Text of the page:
VA duo charged
AHOSKIE – What started as an attempt to cash a check at a local bank ended with two Virginia residents in jail.
Brionte Kenyetta Goode, 25, of Hopewell VA and 24-year-old Ricky Nelson Jones of Emporia, VA were arrested Thursday by the Ahoskie Police after it was alleged that Jones was trying to cash a check at Wells Fargo Bank on Main Street.
As it turned out, the check was stolen, and an ensuing investigation led to other charges. Meanwhile, a split-second decision by APD Sgt. Rose Mizelle saved the life of Goode, who was found unresponsive in a vehicle parked in the rear lot of the bank.
Jones was charged with four felonies – obtaining property by false pretense, forgery of an endorsement, attempted uttering, and altering the serial number of a handgun. He also faces two misdemeanors – carrying a concealed weapon, and possession of marijuana paraphernalia.
For those counts, Jones was jailed under a $40,000 secured bond. Another $2,000 was added to that bond when a check of his background by the Ahoskie Police found that he had an outstanding arrest warrant from Guilford County on the charge of obtaining property by false pretense.
Goode was jailed under a $10,000 secured bond on the charges of felony altering the serial number of a handgun, and the misdemeanor count of carrying a concealed weapon.
Both are scheduled to make their initial appearance in Hertford County District Court on April 18.
The incident began when Jones walked into Wells Fargo at around 11:30 a.m. at which time he was attempting to cash a check.
“I can’t speak on behalf of the Wells Fargo staff, but I would assume from their level of training they are able to spot something out of sorts when it comes to making a financial transaction,” said Ahoskie Police Chief Troy Fitzhugh. “Whatever alerted them to that check led to them to contact our department.”
Fitzhugh said Sgt. Mizelle was the first to arrive on the scene.
“She was met outside by one of the bank employees, advising her that there was a female (later identified as Goode) passed out in a vehicle in the bank parking lot,” Fitzhugh remarked. “Sgt. Mizelle was aware that there were other officers en route to the scene, so she decided to first check on the welfare of the female in the vehicle.”
Fitzhugh added that Mizelle is also EMT certified, and that level of training led her to believe the female was suffering from an overdose.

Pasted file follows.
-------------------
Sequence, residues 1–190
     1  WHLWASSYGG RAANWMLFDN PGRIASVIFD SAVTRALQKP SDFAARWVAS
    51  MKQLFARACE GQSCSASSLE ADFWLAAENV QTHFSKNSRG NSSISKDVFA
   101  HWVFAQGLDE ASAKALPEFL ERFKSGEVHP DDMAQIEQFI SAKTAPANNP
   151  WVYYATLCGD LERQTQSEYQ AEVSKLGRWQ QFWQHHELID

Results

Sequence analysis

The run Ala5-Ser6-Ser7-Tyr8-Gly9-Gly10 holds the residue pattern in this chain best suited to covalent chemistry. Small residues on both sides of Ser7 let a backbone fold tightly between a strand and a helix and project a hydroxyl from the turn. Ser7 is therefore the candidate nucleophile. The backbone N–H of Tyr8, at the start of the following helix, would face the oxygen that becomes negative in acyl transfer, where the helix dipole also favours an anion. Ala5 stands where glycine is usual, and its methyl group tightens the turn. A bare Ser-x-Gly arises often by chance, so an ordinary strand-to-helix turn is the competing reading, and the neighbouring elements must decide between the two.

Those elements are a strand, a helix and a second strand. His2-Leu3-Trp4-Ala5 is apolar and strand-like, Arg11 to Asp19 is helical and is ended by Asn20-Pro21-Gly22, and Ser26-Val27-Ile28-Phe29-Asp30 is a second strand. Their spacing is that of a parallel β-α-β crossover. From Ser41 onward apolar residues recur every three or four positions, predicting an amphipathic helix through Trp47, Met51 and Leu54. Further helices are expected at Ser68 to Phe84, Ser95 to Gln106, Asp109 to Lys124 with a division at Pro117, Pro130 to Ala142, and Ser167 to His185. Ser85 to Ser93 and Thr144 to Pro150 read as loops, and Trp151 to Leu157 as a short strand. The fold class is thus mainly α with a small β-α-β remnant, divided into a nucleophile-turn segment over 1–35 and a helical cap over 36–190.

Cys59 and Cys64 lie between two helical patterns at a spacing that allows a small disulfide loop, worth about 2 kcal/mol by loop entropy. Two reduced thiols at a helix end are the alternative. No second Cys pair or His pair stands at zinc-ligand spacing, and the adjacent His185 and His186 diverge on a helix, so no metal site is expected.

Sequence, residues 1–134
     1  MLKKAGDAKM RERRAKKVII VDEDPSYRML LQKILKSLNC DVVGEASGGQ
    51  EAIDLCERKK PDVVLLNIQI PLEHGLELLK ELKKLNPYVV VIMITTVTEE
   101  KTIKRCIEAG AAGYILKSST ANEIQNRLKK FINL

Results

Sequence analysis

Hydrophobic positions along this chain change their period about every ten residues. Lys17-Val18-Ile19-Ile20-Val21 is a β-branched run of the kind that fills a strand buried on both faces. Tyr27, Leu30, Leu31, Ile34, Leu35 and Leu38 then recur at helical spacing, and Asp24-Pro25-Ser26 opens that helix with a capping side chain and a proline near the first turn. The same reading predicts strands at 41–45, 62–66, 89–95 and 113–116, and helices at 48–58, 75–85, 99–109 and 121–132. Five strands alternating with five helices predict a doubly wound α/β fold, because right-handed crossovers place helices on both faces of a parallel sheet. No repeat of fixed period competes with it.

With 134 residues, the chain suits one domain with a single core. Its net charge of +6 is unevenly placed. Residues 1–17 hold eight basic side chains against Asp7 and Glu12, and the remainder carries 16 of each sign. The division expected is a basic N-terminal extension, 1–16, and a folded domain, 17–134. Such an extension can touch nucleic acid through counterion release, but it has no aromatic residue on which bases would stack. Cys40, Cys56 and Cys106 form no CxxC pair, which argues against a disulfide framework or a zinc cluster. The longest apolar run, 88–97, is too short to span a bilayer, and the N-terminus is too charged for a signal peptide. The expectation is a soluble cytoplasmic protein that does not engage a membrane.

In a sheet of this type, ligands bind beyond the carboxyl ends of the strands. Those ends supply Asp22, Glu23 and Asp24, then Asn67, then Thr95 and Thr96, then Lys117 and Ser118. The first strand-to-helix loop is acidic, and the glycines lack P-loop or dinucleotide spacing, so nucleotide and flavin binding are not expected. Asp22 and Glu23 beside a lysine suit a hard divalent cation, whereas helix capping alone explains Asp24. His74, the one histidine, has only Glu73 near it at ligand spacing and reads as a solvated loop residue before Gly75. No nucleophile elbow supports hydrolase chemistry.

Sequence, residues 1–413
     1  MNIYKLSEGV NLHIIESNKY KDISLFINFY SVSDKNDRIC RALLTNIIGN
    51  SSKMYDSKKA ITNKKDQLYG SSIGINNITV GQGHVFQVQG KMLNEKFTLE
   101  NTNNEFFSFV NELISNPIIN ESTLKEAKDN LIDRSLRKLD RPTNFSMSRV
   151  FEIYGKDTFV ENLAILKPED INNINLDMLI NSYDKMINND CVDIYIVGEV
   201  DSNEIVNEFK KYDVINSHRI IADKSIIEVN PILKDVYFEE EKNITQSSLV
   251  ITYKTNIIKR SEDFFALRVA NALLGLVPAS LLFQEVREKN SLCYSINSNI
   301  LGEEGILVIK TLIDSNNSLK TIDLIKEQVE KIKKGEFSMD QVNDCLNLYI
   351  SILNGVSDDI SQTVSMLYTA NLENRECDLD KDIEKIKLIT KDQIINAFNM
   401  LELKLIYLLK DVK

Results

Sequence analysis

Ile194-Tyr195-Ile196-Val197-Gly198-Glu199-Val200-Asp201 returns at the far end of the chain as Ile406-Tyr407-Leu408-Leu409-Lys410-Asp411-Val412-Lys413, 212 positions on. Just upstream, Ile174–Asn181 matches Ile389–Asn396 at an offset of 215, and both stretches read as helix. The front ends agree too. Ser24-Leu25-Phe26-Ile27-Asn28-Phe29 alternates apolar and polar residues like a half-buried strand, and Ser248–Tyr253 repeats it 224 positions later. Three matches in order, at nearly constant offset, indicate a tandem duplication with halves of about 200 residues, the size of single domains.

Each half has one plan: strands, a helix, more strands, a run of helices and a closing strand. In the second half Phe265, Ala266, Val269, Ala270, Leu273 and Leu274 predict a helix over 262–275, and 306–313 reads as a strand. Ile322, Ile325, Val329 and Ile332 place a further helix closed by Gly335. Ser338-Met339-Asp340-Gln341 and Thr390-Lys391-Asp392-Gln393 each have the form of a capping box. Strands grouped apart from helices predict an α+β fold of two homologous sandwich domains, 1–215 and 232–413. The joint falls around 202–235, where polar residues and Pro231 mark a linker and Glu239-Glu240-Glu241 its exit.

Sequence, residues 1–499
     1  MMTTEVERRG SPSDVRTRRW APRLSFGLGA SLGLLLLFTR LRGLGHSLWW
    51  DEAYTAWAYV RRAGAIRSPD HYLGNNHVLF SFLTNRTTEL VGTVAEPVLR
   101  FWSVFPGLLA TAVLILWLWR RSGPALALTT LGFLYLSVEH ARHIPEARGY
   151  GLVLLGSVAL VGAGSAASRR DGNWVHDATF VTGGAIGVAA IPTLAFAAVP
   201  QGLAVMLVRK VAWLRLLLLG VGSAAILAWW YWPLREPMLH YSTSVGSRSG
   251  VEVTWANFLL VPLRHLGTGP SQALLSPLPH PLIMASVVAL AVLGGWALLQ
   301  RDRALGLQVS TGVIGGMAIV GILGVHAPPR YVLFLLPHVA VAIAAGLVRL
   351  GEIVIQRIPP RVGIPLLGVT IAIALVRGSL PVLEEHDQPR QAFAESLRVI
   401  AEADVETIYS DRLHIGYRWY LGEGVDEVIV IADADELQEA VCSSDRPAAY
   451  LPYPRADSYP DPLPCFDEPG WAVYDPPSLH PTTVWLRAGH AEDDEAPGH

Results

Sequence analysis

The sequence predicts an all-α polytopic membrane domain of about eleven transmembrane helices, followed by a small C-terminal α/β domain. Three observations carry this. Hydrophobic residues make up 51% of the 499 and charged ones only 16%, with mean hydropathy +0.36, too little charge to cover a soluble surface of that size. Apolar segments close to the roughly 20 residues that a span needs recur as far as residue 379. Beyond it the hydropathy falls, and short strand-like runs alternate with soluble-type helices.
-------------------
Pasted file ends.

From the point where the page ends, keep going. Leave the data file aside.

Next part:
“Sgt. Mizelle did a good job on two accords….as an EMT and as a police officer,” Fitzhugh noted. “She saw the medical signs of a drug overdose and administered Narcan (an opiate antidote). Her training on both accords came in handy. I commend her and all of my officers in this incident.”
After the Narcan worked its magic, Goode was revived. Fitzhugh said Mizelle then asked the woman to produce identification.
“By that point, Sgt. Mizelle had already observed several rounds of ammunition in plain sight inside the vehicle,” Fitzhugh shared. “When the female reached for her purse, Sgt. Mizelle quickly seized possession of it, and after searching she discovered a loaded .38 caliber pistol inside the purse.
“The training that all police officers go through kicked in at that moment,” said Fitzhugh. “With the visible presence of ammunition inside the vehicle, it would lead an officer to assume there is some sort of weapon there as well. But what we cannot assume is if or when the person with the weapon may decide to use it. Sgt. Mizelle did the right thing by preventing the woman access to the pocketbook, one in which there was a loaded weapon inside.”
Fitzhugh added that the serial number on the weapon had been altered, which led to that charge against both Goode and Jones.
While Mizelle was working outside, APD Captain Michele Garrett, Detective Sgt. Stephen White and Detective Justin Farmer went inside the bank to deal with Jones where they learned he had allegedly attempted the cash a stolen check.
“We would like to thank the employees of Wells Fargo Bank for their assistance in our investigation,” Fitzhugh said.